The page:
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3 Mindful Practices That Can Make You Happier

Reconnect to what matters most today.

Lesly Juarez/Unsplash
Source: Lesly Juarez/Unsplash

Everyone is connected by the desire to live a healthy, meaningful, and fulfilling life.

We’re all trying our best with work, family, and our health. However, remembering to prioritize your emotional well-being is tricky when you’re stressed and busy.

To celebrate the release of my co-authored book, A Mindful Year, which I wrote over the course of a year with Dr. Seth Gillihan, I’d like to share three practical, mindful rituals to mental wellness that only take a few minutes each day.

The Happiness Paradox

When economics professor Richard Easterlin turned his attention to the study of happiness in the 1970s, he found a surprising paradox: While there appears to be a link between happiness and income among countries, happiness levels do not rise over the long term as a country’s income increases.

In the U.S., overall wages have risen in real terms over the past three decades, and yet happiness levels have decreased overall. The prevalence of mental disorders has slightly increased since 1990. While there is an ongoing debate about whether life satisfaction accompanies economic growth, there is data that challenges the fundamental assumption that money buys happiness.

On a daily basis, so much of our time and energy is focused on our financial progression and other outward markers of “success.” The importance of money, fame, status, and power are embedded in our social fabric. We’ve become consumed with our careers, often to the detriment of our mental wellness, physical health, and close relationships.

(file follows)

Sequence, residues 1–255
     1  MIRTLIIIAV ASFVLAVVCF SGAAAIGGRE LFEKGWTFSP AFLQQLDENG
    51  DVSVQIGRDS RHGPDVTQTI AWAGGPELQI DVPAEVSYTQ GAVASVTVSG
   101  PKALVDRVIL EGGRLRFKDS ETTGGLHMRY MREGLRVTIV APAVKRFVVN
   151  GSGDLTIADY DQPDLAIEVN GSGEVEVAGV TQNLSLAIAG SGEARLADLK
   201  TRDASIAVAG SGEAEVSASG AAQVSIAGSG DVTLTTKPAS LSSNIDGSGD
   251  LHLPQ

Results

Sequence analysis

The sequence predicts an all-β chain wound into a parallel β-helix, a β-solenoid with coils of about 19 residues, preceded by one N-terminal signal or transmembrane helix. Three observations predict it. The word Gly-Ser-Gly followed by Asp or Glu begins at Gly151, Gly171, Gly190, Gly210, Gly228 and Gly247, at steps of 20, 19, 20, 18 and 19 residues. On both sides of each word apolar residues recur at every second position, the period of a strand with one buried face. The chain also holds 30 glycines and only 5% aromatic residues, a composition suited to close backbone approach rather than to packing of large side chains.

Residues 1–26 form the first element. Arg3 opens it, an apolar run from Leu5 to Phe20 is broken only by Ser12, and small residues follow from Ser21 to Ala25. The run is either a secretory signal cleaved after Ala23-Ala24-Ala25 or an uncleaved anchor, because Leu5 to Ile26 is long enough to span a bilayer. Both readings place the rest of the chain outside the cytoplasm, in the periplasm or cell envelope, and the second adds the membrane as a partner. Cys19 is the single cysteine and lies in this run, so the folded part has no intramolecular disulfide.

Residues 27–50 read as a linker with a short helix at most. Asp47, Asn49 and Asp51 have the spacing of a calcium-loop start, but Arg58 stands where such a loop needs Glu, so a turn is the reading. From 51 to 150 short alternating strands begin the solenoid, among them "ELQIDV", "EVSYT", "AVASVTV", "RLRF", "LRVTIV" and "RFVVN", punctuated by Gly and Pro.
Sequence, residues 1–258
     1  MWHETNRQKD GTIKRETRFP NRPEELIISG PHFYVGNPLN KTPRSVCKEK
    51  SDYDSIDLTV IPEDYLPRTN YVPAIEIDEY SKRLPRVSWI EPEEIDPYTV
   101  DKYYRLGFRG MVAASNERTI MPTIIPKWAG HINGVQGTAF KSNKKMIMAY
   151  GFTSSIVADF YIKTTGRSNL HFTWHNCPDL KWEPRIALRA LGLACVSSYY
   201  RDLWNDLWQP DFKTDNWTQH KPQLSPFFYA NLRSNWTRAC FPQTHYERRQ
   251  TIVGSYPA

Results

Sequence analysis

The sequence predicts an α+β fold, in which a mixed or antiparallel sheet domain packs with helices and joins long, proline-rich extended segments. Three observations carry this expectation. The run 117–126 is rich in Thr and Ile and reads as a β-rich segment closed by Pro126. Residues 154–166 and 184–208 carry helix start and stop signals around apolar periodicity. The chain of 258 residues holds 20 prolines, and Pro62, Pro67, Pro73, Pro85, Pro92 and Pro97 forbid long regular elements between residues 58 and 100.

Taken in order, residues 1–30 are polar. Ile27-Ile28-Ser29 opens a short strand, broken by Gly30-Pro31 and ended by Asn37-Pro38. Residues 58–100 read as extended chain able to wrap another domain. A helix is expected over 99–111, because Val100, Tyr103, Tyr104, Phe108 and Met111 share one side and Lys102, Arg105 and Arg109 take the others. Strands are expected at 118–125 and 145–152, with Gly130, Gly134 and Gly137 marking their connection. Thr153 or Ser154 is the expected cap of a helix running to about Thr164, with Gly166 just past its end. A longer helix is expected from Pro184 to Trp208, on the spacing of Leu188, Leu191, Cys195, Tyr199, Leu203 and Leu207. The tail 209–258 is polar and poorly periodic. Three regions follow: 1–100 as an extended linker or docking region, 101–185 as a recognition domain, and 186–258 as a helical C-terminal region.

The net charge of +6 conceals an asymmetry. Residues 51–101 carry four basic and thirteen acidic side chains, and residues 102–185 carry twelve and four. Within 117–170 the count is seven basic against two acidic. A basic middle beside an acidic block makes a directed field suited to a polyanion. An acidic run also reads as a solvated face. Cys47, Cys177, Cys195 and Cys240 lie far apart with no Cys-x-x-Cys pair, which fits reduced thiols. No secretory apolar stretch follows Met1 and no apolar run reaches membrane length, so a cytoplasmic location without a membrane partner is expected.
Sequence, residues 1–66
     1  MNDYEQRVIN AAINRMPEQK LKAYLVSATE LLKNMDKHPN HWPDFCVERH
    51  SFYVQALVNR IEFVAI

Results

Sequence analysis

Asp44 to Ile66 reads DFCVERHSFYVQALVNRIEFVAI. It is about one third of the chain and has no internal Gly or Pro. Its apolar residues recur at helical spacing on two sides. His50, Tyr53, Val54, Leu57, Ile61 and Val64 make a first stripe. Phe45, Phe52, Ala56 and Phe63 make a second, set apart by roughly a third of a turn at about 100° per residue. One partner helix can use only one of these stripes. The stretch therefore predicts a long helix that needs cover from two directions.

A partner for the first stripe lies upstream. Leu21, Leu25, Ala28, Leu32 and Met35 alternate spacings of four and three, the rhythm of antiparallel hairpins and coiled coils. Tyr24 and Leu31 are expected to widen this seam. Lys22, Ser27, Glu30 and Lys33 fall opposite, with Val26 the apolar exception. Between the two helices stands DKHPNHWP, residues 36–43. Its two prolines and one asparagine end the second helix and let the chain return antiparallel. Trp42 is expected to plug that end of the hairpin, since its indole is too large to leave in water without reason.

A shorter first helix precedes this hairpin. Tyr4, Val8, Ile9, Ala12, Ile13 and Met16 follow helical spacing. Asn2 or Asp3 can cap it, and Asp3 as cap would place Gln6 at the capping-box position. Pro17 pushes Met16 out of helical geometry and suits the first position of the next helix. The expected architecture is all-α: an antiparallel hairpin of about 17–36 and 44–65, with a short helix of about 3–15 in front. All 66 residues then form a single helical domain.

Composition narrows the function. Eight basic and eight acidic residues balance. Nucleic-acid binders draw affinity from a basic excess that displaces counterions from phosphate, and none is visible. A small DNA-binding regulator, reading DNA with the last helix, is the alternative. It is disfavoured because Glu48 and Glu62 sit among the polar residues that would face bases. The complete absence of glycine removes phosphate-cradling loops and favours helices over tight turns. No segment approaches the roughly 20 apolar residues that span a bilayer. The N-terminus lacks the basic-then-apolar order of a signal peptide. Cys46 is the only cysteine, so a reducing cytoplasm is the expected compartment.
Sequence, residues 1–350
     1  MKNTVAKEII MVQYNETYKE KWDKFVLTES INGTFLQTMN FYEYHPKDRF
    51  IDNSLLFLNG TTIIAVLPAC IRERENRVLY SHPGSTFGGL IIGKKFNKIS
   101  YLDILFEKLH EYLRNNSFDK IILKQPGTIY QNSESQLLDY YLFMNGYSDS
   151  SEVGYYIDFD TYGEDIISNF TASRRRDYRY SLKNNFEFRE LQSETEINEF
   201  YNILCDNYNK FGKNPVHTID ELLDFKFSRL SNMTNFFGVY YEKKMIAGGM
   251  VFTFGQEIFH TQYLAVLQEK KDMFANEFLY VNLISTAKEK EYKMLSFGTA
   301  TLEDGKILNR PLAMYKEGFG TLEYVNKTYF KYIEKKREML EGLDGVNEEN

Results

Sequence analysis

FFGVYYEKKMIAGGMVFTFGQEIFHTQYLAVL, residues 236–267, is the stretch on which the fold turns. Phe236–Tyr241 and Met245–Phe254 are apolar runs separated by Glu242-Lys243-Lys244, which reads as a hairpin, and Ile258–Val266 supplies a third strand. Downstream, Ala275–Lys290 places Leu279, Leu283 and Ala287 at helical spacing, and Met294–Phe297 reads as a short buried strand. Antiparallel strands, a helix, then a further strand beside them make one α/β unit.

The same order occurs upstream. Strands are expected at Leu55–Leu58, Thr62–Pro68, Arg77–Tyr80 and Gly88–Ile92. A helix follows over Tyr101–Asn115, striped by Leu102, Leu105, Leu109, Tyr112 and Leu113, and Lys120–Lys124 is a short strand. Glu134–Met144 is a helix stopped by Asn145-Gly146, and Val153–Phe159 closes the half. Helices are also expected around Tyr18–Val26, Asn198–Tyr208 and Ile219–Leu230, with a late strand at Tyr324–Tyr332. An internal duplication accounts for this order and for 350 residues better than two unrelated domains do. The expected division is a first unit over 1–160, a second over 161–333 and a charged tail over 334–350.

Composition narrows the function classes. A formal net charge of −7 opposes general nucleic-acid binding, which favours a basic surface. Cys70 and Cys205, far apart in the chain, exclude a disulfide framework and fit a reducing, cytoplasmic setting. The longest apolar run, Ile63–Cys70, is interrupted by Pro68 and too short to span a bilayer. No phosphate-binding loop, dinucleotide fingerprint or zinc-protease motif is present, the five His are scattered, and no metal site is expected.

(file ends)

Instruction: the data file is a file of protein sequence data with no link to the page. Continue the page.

As a high-performance psychologist, I’ve worked with individuals at the top of their professional game in the entertainment industry, finance, and sports. These men and women often have achieved global fame, industry recognition, and amassed fortunes into the tens and hundreds of millions of dollars.

All too often, however, even at the peak of their “success,” rather than experiencing inner contentment and fulfillment, there is fear, anxiety, and dissatisfaction. Net worth does not equate to self-worth. Material comforts do not fill the void and eradicate the feeling that there is something “missing” from life.

The Two Paths

There are two paths in life: the external and the internal. The external centers on our career and material circumstances. The inner journey relates to emotional growth and fulfillment. Both are important. Both are worthy in their own right.

Whether we’re conscious of it or not, most of us expect outer success to bring inner peace. We fall into the trap of becoming fixated on the external. We jump onto the hedonic treadmill, striving to attain and achieve more while staying in the same place emotionally and spiritually.

If we wish to have stronger mental and physical health in the long term, it’s crucial to progress on both paths. The issue is one of balance.

A Daily Practice

The ancient Stoics recognized the importance of taking a little time each day for quiet reflection. Marcus Aurelius, the last of the Roman leaders known as the Five Good Emperors, created this space each morning to prepare for the day ahead. This practice forms part of the art of living, wisdom, and self-mastery.

Without a framework for managing the stresses of everyday life, few of us carve out the space necessary to clear our mind, learn from our experiences, and have greater control over how we respond to what life throws at us. Instagram, Facebook, YouTube, websites, and TV programs compete for our attention.